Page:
“Alliant has been doing acquisitions and refis for 15 years, and so we were poised to take advantage of this slowdown in new construction, and the uptick in acquisitions and refis,” says Alex Pedersen, deputy chief underwriter of affordable housing for Seattle-based Alliant.

To help handle this volume increase, the company opened additional offices in 2009 in San Francisco, San Diego, Chicago, New York City, Washington, D.C., and Anaheim, Calif. Alliant is seeking to broaden its range of offerings with an FHA license, which it expects to receive in the second half of 2010.

Another debt shop that saw a dramatic rise last year was P/R Mortgage & Investment Corp. The Carmel, Ind.- based lender offers Fannie Mae, Freddie Mac, Department of Housing and Urban Development, and U.S. Department of Agriculture Rural Housing Service loans. Last year, the company closed about $145 million in affordable housing loans, up from $45 million the year before. The company says about $60 million of that total came from seven refinancing loans of tax credit deals completed with one borrower.

Lancaster Pollard, a prolific FHA lender, grew its organization last year as well, though its debt volume shrunk to $94.2 million in 2009, from $104.6 million the year before. About $67 million of its 2009 total was in refinances using the FHA's 223(f) program.

The Columbus, Ohio-based company opened its first West Coast office in Los Angeles and brought on 12 more full-time employees (growing its head count by about 20 percent). The company also hopes to open an office in the Pacific Northwest sometime in the next 18 months.

“Since about 2004, we've been covering the United States with transactions and following national developers, and so we're really trying to become more saturated in those markets and expand our footprint,” says Gesue.

Enterprise Community Investment also amped up its originations, due mainly to the fact that 2009 was the first full year it had an FHA license. “Our FHA pipeline is very healthy, and we expect a strong year,” says C. Lamar Seats, senior vice president of Columbia, Md.-based Enterprise's multifamily mortgage fi- nance division. “And we'll continue to expand our products. We will have a strong focus on the workforce sector through our Fannie Mae program.”

Consolidation prize

Bank of America tops the list, catapulting over Citi for the first time in the third annual rankings. Bank of America maintained a steady volume for the last three years, originating more than $1.5 billion in affordable housing debt. Much of that came in construction financing, though the lender continues to offer its direct placement tax-exempt bond program, unlike many large institutions.

“We've stayed so steady the last two years because of our ability to execute,” says Maria Barry, who runs the Community Development Banking division for the Charlotte, N.C.-based Bank of America. “People came to us because they knew when they received a commitment letter from us that we would keep our terms and deliver.”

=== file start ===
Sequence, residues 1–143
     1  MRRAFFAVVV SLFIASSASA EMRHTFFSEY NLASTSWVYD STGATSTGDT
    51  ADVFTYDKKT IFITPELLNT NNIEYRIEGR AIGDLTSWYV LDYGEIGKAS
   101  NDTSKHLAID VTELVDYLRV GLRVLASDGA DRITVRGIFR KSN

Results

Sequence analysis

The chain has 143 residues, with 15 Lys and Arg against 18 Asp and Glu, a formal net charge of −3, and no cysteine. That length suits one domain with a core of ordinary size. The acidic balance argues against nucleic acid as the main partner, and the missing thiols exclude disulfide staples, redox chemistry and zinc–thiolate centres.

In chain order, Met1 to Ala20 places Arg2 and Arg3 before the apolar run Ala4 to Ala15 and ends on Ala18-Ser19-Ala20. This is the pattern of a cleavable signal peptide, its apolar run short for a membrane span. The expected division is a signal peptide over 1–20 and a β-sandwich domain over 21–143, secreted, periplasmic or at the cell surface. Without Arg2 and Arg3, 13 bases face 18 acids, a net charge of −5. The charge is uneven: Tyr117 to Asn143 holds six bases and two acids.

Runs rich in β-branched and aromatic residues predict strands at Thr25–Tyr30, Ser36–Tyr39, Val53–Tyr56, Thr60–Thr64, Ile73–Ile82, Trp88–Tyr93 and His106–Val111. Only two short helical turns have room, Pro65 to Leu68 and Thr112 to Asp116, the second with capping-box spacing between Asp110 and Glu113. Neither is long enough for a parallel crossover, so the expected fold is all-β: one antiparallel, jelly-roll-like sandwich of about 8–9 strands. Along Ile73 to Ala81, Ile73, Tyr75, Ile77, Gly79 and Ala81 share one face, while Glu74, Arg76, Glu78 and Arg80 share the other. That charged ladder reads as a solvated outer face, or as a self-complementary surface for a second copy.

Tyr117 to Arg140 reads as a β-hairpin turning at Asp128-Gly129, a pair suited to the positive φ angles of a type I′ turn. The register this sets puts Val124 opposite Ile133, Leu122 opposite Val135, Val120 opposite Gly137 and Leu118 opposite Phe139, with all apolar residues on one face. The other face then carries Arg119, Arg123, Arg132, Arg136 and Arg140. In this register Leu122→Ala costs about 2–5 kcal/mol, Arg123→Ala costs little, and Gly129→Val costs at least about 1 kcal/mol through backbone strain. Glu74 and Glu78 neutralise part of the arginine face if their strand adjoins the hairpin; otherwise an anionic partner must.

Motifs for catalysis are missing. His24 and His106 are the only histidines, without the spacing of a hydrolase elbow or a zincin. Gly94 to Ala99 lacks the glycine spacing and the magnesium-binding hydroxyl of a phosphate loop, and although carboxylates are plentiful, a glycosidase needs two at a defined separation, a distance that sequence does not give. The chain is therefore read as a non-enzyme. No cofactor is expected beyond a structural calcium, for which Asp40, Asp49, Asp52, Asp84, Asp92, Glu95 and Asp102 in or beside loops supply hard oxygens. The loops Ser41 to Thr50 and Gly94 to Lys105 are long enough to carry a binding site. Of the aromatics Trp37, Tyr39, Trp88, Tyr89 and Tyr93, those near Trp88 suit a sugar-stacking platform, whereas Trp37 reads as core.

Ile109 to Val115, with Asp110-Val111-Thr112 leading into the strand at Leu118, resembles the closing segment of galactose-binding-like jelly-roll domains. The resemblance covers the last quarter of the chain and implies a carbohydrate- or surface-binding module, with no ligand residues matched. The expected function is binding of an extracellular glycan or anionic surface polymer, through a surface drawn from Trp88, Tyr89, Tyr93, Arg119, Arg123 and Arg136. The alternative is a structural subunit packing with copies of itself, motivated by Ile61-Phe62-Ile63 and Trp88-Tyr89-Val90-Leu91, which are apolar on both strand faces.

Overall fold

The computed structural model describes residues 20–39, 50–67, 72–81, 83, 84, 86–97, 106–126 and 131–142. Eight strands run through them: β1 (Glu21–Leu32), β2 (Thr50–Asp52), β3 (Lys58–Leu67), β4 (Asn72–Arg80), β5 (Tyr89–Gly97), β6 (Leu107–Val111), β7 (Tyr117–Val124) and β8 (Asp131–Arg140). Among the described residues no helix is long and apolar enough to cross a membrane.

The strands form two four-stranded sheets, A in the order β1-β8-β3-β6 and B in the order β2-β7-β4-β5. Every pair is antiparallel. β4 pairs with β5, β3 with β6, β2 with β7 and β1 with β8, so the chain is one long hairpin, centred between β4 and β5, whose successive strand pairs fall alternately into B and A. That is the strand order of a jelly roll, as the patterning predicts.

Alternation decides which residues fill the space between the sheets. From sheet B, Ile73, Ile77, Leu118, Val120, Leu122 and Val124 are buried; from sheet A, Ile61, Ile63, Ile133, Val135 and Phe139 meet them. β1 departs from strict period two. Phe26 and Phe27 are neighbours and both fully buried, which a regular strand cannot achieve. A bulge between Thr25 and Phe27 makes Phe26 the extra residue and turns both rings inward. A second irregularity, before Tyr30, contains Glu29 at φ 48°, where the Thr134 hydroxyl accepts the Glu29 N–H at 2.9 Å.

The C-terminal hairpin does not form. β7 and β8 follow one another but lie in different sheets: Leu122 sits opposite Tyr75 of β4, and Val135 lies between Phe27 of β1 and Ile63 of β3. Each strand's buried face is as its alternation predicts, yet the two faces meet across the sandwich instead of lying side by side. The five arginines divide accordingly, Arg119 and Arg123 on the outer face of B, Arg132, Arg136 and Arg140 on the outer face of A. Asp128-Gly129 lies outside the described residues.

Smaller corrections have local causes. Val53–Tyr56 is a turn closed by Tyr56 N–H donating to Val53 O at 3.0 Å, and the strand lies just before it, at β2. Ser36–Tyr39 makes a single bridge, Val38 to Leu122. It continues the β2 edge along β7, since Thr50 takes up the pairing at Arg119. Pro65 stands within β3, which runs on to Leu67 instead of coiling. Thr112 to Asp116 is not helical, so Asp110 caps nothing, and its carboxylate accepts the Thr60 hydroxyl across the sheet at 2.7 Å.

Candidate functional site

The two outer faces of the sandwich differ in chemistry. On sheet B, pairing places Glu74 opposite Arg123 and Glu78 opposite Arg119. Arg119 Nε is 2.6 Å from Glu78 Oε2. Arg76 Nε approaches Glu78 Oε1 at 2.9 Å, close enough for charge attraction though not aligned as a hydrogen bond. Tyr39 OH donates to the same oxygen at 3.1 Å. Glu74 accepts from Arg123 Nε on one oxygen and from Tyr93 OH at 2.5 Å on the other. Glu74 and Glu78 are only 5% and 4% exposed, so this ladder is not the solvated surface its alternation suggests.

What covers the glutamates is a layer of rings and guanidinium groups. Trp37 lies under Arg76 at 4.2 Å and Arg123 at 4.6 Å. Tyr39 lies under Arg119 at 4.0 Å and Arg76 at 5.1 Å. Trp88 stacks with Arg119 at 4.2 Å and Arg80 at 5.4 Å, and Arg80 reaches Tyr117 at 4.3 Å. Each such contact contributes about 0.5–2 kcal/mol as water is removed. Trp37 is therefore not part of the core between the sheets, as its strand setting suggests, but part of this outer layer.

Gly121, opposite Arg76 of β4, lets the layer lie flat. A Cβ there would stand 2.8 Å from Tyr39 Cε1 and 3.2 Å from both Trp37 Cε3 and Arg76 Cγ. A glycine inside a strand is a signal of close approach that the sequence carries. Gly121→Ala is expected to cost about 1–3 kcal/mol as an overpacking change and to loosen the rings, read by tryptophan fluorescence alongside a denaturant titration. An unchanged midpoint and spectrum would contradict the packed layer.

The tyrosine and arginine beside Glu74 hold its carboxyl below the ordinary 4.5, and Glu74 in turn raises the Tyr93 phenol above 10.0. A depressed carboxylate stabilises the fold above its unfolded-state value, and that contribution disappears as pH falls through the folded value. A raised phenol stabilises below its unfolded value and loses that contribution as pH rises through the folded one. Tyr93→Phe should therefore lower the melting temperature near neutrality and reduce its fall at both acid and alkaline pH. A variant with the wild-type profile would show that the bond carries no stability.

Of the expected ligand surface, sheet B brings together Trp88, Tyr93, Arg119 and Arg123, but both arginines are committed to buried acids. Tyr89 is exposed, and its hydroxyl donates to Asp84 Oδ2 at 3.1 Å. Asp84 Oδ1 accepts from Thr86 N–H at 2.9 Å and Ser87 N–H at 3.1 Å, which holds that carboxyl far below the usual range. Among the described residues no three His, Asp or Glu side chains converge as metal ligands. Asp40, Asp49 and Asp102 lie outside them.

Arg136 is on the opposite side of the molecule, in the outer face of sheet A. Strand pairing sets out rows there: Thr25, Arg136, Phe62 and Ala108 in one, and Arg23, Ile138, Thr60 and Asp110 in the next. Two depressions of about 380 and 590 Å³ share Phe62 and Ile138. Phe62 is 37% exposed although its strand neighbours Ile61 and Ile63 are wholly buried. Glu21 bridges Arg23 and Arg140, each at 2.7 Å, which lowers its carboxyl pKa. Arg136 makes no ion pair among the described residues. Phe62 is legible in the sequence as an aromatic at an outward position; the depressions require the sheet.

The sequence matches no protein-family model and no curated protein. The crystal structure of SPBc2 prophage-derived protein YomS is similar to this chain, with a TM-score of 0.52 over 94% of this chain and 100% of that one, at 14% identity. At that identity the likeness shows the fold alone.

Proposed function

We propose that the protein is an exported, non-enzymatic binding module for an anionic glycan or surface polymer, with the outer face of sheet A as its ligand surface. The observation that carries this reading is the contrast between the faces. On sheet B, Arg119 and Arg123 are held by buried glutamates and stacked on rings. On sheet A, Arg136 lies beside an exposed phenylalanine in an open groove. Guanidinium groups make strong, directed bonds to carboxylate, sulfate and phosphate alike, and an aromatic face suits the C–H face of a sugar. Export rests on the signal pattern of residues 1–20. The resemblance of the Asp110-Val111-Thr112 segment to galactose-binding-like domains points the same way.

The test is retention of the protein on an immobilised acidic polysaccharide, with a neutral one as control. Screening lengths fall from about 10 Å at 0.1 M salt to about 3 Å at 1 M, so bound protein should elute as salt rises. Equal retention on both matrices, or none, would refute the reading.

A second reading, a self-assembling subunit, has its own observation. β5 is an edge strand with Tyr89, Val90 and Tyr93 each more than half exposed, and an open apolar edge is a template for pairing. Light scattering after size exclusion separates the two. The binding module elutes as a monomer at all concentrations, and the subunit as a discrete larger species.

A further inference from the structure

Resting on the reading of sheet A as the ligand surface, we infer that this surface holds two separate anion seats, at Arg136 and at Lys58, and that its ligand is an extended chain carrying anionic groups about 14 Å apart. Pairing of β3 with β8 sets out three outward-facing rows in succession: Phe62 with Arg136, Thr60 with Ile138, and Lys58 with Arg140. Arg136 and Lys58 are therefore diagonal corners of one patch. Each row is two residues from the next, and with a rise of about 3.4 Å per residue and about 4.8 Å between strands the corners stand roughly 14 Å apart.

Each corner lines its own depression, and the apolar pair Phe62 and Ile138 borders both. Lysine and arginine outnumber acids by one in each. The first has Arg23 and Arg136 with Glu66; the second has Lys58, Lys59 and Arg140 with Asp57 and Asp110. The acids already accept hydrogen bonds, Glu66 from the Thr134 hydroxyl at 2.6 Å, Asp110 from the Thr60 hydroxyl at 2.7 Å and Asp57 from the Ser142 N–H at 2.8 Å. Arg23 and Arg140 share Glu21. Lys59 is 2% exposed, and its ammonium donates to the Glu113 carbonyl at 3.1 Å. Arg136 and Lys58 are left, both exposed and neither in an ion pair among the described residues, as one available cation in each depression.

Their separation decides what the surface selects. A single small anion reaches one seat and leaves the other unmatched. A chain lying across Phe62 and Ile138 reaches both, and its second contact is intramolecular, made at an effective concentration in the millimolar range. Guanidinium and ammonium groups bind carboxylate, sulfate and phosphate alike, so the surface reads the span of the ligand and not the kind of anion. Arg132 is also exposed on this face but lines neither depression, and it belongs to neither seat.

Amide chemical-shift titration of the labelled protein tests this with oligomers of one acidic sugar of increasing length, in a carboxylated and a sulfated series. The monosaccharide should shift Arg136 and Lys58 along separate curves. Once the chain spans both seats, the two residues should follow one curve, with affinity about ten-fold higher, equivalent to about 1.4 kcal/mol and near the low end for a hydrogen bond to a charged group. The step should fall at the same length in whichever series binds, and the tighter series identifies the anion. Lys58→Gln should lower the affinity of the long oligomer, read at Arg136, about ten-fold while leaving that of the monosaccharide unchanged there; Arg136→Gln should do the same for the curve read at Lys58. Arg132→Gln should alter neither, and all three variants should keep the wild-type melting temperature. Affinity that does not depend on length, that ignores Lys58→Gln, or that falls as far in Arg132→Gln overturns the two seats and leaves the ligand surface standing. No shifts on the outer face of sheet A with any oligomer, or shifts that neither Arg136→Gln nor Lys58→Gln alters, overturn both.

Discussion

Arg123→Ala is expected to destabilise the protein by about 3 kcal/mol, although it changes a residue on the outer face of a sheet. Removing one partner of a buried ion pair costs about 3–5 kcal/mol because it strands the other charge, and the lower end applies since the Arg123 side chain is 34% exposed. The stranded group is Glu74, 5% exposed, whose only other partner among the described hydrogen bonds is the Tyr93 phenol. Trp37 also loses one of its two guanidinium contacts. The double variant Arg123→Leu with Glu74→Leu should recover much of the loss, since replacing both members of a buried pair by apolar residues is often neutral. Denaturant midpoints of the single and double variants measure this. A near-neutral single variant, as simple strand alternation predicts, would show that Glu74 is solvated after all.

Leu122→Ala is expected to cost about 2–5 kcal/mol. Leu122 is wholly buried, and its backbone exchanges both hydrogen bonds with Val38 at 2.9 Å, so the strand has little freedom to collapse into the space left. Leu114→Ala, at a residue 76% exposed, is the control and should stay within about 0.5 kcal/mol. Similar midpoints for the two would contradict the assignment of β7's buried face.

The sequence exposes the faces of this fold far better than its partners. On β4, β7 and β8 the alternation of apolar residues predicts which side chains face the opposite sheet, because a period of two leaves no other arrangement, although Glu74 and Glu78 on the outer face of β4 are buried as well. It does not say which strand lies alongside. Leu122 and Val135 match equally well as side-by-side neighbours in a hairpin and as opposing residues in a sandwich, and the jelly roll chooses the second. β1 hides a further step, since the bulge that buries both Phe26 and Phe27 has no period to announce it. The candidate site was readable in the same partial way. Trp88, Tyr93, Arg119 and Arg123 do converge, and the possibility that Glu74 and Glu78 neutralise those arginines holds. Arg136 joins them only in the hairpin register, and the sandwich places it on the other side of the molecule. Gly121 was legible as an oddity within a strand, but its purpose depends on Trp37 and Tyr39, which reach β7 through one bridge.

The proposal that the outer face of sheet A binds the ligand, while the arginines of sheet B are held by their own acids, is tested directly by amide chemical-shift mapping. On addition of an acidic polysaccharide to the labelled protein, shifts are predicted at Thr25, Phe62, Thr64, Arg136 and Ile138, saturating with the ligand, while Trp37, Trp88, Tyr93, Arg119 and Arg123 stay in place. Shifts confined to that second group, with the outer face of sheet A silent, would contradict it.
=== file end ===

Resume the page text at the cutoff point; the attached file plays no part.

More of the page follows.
That consistency is a true commodity in today's market. On one hand, it's hard to fathom that Bank of America had such a good year where so many other large institutions saw declines. But the bank may have the largest CRA footprint of them all, with more offices, total deposits, and assets than the field, by a wide margin.

There are some notable absences on this year's list, for good reason. Former heavyweights Wachovia, Washington Mutual, MMA Financial, and Corus Bank no longer exist. Wells Fargo, which owns Wachovia, declined to be part of the survey.

Chase's Community Development division was bolstered through the company's acquisition of Washington Mutual in fall 2008. In the past, the company's footprint only went as far west as Arizona, but the acquisition expanded Chase's reach into the West Coast.

The acquisition also brought a Fannie Mae license with it, which Chase has not yet reactivated, though it is considering doing so for market-rate deals. And unlike Chase, which focuses on construction loans, Washington Mutual was also a very active permanent loan provider for affordable housing projects.

“It's caused us to take a second look at whether we would ever want to get into the permanent loan business ourselves, and we're still evaluating that,” says Cox.

Oak Grove Capital, which purchased MMA Financial's agency debt group at the beginning of 2009, makes its first appearance on the list. Red Mortgage Capital, another perennial contender, is owned by PNC through its acquisition of National City. While Red continues to operate as an independent entity, PNC is mulling how to integrate the company into its larger debt platform.

As for Corus, it's safe to say the firm isn't coming back in any form.

Potential pitfalls

Most lenders are budgeting flat or modest gains this year. Much depends on how the TCAP and exchange program play out and whether the equity market can find a reasonable equilibrium.

But there are several wild cards in the mix that could dash all hopes. A climbing benchmark 10-year Treasury or LIBOR rate could conspire to further roil the market. And then there's the GSEs.

“The pink elephant in the middle of the room is what happens with Fannie and Freddie,” says Byron Steenerson, president of Alliant Capital. “Whatever form they finally take probably has the most dramatic effect on housing as anything we could talk about.”

Another source of concern for many lenders is the effect that the recession has had on state and local finances. In early 2009, California's Pooled Money Investment Board, which provides loans to bond-funded projects, voted to defer all bond expenditures indefinitely. The cap was eventually lifted, but not before scuttling many deals ready to break ground.

“State subsidies and financing for affordable housing projects are very important gap fillers for many projects,” says Cox. “If state and local governments run into deeper fiscal trouble and start reducing their budgets for their affordable housing programs, that's almost as big or a bigger problem as what we have in the tax credit market now.”